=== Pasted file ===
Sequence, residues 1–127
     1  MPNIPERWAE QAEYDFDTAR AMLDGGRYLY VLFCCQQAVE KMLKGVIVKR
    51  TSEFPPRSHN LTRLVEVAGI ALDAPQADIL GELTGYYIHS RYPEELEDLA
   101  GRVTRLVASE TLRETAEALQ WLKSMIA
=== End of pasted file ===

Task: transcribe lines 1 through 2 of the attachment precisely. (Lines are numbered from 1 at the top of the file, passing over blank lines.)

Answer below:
Sequence, residues 1–127
     1  MPNIPERWAE QAEYDFDTAR AMLDGGRYLY VLFCCQQAVE KMLKGVIVKR